US Workers Gain jobs and Raises in Final Pre-Election Report
WASHINGTON — Workers enjoyed their best pay raises in seven years last month as employers added 161,000 jobs, the government said in the last major snapshot of a slow but durable economy before Americans choose a new president next week.
Friday’s report sketched a picture of a resilient job market that likely keeps the Federal Reserve on track to raise interest rates when it meets next month. Yet the economy remains pocketed by weaknesses that have left many feeling left behind on the eve of Election Day. Job gains have been steady, but pay raises have only recently become widespread. And millions of Americans are working part time but would prefer full-time work.
In October, the unemployment rate dipped to 4.9 percent from 5 percent, and the government said employers added more jobs in August and September than it had previously estimated.
An alternative gauge of joblessness that counts not only the officially unemployed but also the part-timers who’d prefer full-time work and people who have stopped looking for jobs, fell to 9.5 percent. That’s the lowest point since 2008. Still, it is higher than is typical in a healthy economy.
Average hourly pay took a big step up in October, rising 10 cents an hour to an average of $25.92. That is 2.8 percent higher than a year ago and is the sharpest 12-month rise in seven years.
“If you wanted to show that the economy is still getting better for the typical voter, this report gives you what you needed,” said Jed Kolko, chief economist with Indeed, the job site.
The pickup in pay follows a substantial increase last year in earnings for the typical household. The economy appears to be finally delivering widespread raises after years of sluggish pay gains. With the unemployment rate hovering around healthy levels, businesses are likely having to try harder to attract workers.
When businesses are forced to offer higher pay, they may raise prices to cover the costs, potentially boosting inflation. That dynamic has helped make a Fed rate hike likely in mid-December.
“The only remaining obstacle to the Fed hiking in December would be a significant adverse financial market reaction to the US presidential election,” Chris Williamson, an economist at IHS Markit, wrote in a research note.
Friday’s report said employers added 44,000 more jobs in August and September combined than it had earlier estimated. That put recent hiring in line with this year’s solid if less-than-robust pace. In September, it had appeared that hiring was slowing.
Fewer teenagers worked or were looking for work last month. That trend reduce the proportion of Americans in the workforce, which is defined as people who either have a job or are actively seeking one.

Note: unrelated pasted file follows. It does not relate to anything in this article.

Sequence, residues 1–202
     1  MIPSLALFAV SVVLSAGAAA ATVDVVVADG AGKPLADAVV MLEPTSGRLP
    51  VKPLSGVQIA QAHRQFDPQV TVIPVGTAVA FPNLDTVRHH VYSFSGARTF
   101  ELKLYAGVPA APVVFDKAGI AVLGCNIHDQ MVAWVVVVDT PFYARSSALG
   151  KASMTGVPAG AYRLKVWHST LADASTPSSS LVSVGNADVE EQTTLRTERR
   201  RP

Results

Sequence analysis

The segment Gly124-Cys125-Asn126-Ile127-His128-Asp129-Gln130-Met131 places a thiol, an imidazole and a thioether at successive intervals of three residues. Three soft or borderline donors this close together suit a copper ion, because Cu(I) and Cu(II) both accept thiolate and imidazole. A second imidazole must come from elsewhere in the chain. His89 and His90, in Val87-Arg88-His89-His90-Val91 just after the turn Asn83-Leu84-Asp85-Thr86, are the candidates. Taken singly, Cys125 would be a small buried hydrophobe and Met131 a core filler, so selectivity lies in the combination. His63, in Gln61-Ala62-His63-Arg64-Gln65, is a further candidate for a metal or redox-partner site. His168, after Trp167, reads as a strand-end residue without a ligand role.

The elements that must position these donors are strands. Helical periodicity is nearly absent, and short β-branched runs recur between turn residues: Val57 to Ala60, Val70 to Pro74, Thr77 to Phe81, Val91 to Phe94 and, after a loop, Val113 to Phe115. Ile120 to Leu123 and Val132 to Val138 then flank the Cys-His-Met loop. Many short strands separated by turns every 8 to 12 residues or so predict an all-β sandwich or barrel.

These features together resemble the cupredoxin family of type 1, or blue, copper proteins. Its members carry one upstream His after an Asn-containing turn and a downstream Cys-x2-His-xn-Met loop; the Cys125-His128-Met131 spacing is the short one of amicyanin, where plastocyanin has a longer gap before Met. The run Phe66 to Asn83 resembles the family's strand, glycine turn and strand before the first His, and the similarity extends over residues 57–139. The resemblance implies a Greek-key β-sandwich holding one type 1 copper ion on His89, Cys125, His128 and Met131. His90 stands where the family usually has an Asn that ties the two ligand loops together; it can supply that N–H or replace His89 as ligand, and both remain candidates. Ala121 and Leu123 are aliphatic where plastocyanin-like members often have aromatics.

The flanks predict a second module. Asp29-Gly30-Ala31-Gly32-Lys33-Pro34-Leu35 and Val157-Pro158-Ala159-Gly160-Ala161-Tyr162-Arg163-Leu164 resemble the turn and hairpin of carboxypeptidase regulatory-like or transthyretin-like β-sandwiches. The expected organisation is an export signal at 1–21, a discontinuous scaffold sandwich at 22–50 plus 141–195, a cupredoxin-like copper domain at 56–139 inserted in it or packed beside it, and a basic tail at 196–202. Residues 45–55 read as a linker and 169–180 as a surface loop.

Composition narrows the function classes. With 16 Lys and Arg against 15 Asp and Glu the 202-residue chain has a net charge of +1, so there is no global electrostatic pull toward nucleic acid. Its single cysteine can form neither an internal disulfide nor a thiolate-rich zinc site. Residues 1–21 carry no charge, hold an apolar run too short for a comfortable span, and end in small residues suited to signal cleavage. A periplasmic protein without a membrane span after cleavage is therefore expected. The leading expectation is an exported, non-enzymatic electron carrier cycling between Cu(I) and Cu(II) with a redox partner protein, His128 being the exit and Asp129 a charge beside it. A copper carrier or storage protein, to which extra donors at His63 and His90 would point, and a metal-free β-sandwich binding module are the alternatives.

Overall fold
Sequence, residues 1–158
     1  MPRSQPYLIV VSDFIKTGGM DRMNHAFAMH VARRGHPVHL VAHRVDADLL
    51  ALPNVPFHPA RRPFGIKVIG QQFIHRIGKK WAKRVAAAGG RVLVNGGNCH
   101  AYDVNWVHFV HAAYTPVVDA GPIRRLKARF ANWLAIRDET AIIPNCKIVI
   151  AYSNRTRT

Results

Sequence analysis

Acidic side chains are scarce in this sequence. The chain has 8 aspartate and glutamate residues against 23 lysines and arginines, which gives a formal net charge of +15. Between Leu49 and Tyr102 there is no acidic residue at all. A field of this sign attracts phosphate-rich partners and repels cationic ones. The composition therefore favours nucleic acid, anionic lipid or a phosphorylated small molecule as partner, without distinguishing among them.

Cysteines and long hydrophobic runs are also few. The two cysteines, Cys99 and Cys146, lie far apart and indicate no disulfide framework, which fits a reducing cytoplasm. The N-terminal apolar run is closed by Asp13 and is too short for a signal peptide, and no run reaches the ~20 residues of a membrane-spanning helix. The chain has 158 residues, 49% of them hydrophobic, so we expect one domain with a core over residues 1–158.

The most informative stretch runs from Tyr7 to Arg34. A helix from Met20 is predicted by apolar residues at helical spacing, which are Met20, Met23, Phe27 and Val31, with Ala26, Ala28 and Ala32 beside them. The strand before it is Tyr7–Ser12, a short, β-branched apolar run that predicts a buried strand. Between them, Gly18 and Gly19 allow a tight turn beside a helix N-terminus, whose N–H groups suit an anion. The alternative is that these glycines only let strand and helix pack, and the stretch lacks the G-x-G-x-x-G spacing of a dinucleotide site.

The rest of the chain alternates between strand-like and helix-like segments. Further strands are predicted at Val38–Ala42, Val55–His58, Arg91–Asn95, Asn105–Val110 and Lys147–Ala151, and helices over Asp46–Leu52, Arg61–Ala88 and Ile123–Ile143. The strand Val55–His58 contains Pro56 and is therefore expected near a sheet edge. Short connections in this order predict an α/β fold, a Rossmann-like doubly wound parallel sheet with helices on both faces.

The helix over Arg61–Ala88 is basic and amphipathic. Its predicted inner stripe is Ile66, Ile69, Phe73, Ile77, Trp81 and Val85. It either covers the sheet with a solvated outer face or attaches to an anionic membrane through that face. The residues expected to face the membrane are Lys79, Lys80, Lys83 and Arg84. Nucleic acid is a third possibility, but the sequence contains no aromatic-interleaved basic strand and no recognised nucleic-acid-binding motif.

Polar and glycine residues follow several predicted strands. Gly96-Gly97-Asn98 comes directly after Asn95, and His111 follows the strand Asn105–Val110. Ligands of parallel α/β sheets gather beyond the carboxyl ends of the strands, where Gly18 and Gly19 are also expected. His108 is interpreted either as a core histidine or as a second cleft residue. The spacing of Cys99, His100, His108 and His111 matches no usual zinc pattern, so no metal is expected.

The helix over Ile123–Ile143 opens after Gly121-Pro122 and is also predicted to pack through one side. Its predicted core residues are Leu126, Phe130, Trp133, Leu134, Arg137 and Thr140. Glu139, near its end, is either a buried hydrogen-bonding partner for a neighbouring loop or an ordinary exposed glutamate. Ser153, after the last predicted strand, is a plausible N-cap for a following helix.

But Americans in their prime working years – ages 25 through 54 – extended a recent trend of returning to work, perhaps drawn by rising pay. More than 78 percent of people in that age bracket now have jobs, the highest proportion since November 2008, in the midst of the Great Recession. Still, that’s down from 80 percent before the downturn.
Despite last month’s progress, the economy is growing at the slowest pace of any in a recovery since World War II. Growth picked up to a 2.9 percent annual rate in the July-September quarter, the government has estimated, much faster than the 1.1 percent pace for the first half of the year.
But most analysts foresee only modest expansion in the October-December quarter, leaving growth at an anemic rate of about 1.8 percent for all of 2016.
Hiring in October was led by professional and business services, a category that includes mostly higher-paying jobs in engineering, accounting and information technology. Those companies added 43,000 jobs, followed by health care providers, which gained 39,100.
Yet many companies are shedding workers. Manufacturers cut jobs last month, as did retailers despite October being the month where stores usually ramp up for holiday shopping. Both are factors that could weigh on economic growth this year.
“It’s not a uniformly positive report,” said Jason Schenker, president of Prestige Economics. “There is some patchiness to it.”
Consumers – the U.S. economy’s primary fuel – are showing some staying power, even though their spending slowed in the July-September period. Consumer spending did rise at a robust pace in September alone.
Much of that spending was on higher-priced items, including cars and homes. Auto sales are running close to last year’s record high of more than 17 million. And while home sales have leveled off this year, they have done so at a nearly healthy level of 5.5 million.
Businesses, though, have been cutting their spending on machinery, computers and other equipment. They have reduced such spending for the past four quarters – the longest such stretch since the recession officially ended in mid-2009.
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